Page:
Managing Your Memory: Practical Solutions for Forgetting

Managing Your Memory: Practical Solutions for Forgetting

by Bill E. Beckwith, Bill Beckworth


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An Unforgettable Book About Memory

   Noted memory expert, Dr. Bill Beckwith shares his years of experience with an intriguing overview of how your memory works; insights inot what causes you to forget, and common sense advice on how you can improve your memory.

   For anyone who has experienced senior moments or been overwhelmed by information, Dr. Beckwith outlines effective strategies for enhancing your memory. He clearly helps you distinguish between the effects of normal aging and memory loss. He then focuses on ways you can improve your memory ranging from the effects of memory aids to medications, supplements, and food to controlling emotions and planning for your future... All the things you can do to protect your memory and your lifestyle.

   Managing Your Memory: Practical Solutions for Forgetting will help you answer the following questions:
   � What techniques work to better manage the efficiency of your memory?
   � What are 10 steps to take to imporve your memory?
   � What are the benefits of life stories and life review?
   � What are the 10 things you can do to decrease forgetting?

Product Details

ISBN-13: 9780974837918
Publisher: Memory Management
Publication date: 12/01/2004
Pages: 194
Product dimensions: 6.00(w) x 8.90(h) x 0.60(d)

Read an Excerpt

General Rules for Managing Memory

Anything given less than one minute of thought will fade from your memory.
- Douglas Herrmann, author of Super Memory (1990)

Before turning to specific techniques that help reduce the memory flaws of transience, absentmindedness, and blocking, let's consider some general rules that assist us in understanding and managing our memory. These rules are not shortcuts to a better memory. However, by attending to these principles, you can better manage your efforts to increase the timing and efficiency of your mental activity to better take in and recall information. The next chapter provides the specific techniques that focus your efforts on remembering.

RULE ONE: Memory Loss Cannot Be Cured
An issue keeps coming up in the professional as well as the popular press about memory. The issue is whether or not "mental aerobics" or mental stimulation improves memory and/or prevents memory decline. As reviewed earlier, memory is a complex and varied set of skills. Therefore, one cannot logically ask the general question of whether mental exercises improve "memory." Instead, the question needs to be asked relative to the kind of memory one wishes to improve. The answer to this question is different for the various kinds of memory reviewed in chapter 3: sensory, primary/working, short-term, and long-term memory.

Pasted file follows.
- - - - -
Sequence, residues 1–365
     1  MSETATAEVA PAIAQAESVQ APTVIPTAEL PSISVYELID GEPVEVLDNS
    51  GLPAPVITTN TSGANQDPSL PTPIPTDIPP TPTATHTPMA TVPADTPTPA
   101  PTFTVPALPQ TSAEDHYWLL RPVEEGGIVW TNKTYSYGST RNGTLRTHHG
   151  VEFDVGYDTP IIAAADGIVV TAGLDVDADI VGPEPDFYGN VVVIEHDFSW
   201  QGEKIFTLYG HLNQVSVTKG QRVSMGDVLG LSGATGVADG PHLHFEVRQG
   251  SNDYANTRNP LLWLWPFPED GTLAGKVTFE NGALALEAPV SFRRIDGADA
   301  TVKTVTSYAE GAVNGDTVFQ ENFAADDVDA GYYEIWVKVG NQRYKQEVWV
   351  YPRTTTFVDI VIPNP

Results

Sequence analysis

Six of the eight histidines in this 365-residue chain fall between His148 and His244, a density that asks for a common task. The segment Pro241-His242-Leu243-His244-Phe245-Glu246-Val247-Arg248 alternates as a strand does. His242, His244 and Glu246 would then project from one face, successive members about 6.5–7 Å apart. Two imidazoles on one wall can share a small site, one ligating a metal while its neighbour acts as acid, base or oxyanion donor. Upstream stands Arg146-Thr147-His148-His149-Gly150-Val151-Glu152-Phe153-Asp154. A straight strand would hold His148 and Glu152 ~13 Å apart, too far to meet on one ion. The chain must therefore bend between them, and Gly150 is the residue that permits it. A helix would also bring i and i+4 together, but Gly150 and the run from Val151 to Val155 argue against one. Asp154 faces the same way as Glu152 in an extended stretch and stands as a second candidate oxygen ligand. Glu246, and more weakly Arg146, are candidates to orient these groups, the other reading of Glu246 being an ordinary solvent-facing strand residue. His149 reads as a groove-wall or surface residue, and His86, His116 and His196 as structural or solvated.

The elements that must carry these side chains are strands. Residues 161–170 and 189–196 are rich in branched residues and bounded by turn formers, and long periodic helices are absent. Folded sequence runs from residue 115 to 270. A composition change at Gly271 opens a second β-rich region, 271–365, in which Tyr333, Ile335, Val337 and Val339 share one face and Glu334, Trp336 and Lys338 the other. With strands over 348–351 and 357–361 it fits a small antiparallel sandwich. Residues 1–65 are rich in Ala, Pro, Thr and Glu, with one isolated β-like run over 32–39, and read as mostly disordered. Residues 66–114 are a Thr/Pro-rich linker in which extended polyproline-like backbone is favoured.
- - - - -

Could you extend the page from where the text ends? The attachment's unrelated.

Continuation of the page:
Does practice or mental exercise strengthen sensory memory? As you may recall, sensory memory is the system that persists for only a part of a second (for example, the amount of time that you can hold the word you are currently reading before the next word displaces it). There are no exercises or types of stimulation of which I am aware that can strengthen sensory memory.

Does practice or mental exercise strengthen primary memory? Primary memory is the memory we use to remember a phone number before dialing it. It has an upper limit of information that can be held at any one time, which is about seven pieces of information. Primary memory remains active as long as we continue to rehearse or repeat these seven pieces of information. But primary memory is subject to interference by other information, such as an intrusive thought or the phone ringing. Practice and exercise cannot add capacity to this memory; it has only seven slots for most of us. But we may find ways to consolidate information to increase the data in each of those seven spaces. For example, we can "chunk" information. If we are trying to use this system to hold a phone number, we can take advantage of common prefixes, such as remembering that all numbers at work start with the prefix 454. This uses only one of the slots rather than seven, so we have two extra slots with this technique. We can also make use of patterns to help make primary memory more efficient. For example, the numbers 1234 or 2468 are easier to recall than is the number 9253 because the former can be more easily grouped by a pattern, thereby opening up more of the slots available. In short, cleverness can make more efficient use of the seven spaces, but exercise does not make primary memory stronger.